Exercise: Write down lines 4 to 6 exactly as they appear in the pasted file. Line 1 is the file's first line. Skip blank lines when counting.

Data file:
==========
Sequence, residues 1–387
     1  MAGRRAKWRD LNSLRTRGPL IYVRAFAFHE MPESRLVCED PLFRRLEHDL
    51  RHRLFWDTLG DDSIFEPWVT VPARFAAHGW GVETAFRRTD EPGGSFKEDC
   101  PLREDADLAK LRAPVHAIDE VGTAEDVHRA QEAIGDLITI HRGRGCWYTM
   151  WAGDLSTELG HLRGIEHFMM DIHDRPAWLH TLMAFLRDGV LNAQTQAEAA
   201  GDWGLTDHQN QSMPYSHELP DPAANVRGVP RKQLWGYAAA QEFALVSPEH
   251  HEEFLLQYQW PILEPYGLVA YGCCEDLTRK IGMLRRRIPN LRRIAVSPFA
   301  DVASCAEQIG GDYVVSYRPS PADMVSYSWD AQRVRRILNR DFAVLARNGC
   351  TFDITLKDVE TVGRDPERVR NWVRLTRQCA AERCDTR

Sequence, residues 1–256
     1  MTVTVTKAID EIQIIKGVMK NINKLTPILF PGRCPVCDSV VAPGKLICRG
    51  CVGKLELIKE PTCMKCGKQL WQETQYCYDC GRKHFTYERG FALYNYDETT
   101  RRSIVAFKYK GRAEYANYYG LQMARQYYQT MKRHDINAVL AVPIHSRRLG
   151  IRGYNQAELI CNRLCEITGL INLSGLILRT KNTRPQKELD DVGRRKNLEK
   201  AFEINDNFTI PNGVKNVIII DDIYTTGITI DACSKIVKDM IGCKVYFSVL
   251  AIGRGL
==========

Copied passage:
   101  PLREDADLAK LRAPVHAIDE VGTAEDVHRA QEAIGDLITI HRGRGCWYTM
   151  WAGDLSTELG HLRGIEHFMM DIHDRPAWLH TLMAFLRDGV LNAQTQAEAA
   201  GDWGLTDHQN QSMPYSHELP DPAANVRGVP RKQLWGYAAA QEFALVSPEH